Sunday, August 10, 2014

Bearded Iris Bed Maintenance. 8.10.14

Bearded Iris Raised Beds.  8.10.14

Trying not to over-do TLC for the bearded irises.  It's hard for me to just leave them alone, even if I think they might be better off without me puttering around them.

We are at the hottest day of the year, so far.  Around 95 F

I crushed eggshells and scattered them one the soil surface.   The eggshells provide calcium, which is deficient in my soil.  I think they don't raise pH.  I am guessing, lower pH might slow some fungal growth, so no more lime.  Eggshells might provide a little slow-release nitrogen, and if so that's all they get this time.

Removed more weeds.  Removed the last of the multiplier onions, which were a disappointment due to attracting deer or rabbits to eat them.
Bearded Iris Raised Bed.  8.10.14
Filled in some soil low spots with dry mole hill soil.  They were bone dry to a foot deep, so I did water them.  The watering might not be needed, and could be harmful, but it's hard for me to not-water.

Last week I also sprayed them all with a generous spray of Neem oil, following the manufacturer's recommendations of 2-4 tbsp per gallon.  I used 4tbsp per gallon.  My hope is that will keep any fungal diseases in check.

Will try not to mess with them more, unless there is a long dry stretch.  The Neem can be applied every 2-3 weeks, and it might be helpful to do that.

No more plants between iris clumps, except a few Sempervivum, which tolerate dry, heat, neglect, and do not spread much at all.  There is a grape cutting and genetic dwarf peach seedling in one bed, those will come out this fall.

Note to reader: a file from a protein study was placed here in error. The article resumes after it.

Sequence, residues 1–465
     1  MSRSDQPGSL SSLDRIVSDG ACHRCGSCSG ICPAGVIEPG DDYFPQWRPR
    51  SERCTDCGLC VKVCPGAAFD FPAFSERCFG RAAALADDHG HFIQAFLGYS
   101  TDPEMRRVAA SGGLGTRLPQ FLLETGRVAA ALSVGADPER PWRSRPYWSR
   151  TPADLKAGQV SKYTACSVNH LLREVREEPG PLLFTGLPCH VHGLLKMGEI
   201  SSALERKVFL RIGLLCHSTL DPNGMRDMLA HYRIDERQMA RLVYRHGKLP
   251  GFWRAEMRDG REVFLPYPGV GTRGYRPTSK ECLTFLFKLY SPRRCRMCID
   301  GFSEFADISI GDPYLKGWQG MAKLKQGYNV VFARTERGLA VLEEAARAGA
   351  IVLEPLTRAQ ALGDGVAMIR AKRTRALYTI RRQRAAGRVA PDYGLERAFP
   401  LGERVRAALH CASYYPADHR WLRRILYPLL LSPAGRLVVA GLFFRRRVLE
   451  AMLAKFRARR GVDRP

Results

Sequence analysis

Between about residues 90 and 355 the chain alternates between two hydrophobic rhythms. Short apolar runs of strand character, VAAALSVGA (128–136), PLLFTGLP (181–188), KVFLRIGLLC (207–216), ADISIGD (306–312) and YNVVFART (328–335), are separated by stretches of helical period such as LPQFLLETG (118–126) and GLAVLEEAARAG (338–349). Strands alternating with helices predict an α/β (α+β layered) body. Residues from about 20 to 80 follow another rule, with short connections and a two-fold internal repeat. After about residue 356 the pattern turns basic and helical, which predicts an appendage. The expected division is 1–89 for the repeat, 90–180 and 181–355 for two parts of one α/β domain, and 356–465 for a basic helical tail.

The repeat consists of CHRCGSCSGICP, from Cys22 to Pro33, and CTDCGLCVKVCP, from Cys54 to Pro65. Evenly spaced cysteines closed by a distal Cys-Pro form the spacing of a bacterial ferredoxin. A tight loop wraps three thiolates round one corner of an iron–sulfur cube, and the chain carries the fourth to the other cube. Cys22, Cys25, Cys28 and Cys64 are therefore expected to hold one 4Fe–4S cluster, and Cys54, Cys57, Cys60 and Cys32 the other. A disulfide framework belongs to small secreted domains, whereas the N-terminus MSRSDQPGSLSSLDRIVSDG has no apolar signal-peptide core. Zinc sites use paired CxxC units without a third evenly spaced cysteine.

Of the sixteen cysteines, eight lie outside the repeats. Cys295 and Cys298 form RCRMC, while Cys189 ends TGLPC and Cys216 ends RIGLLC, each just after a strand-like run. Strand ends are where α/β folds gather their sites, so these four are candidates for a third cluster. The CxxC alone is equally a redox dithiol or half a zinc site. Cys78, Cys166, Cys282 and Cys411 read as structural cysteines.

1. Anonymous12:03 PM

    Hello! It's your Ridgefield neighbor here ...

    That chunk of honey in one of your prior updates looks absolutely scrumptious! Knock wood, you'll get a lot more of it in years to come.

    Meanwhile, we've recently spotted the dreaded varroa mite in our hives, and my mind is boggling over all the information out there regarding treatment (or non-treatment, as the case may be). Have you dealt with this issue at all? I'd very much love to hear your opinions on it ...

    Once again, your gardening efforts put me to shame. I'd better get cracking! :)


  2. Sorry to hear about the varroa. I have not dealt with it but I have bad eyes so maybe it's there and I don't know. I am trying to stick with organic methods although I have a huge amount to learn. Thanks for the nice compliment! Good luck!

  3. With 2 rainy days and humid today, I was concerned about the neem washing off and worsening of fungal spot. So I re-sprayed the historic bearded irises, again per package instructions.

  4. Don't know a sure solution to fungal disease but putting more drainage(like sand) in the plot will help. Maybe some companion plants in adj. plot can deter fungus. I have bearded iris for yrs and yrs and my weather is always mild so they are not stressed out. I think hot summers can stress the plant out and make it sub-come to infections. Mid-day shade and lower humidity is better for irises in general.

  5. Society garlic, thyme, oregano, basil, and tomatoes are examples of companion plants that protect other plants from fungal problems. A row of onions can deter fungus too.

  6. Lance, thanks for the advice. I did have onions mixed in with them, and oregano. Oregano is great for bee forage. But too rangy for my iris bed. I think the big issue here was the long chilly rainy spring. I've grown irises here for 14 years, and this was the first time I lost any to fungal disease. I think I over-nurtured them.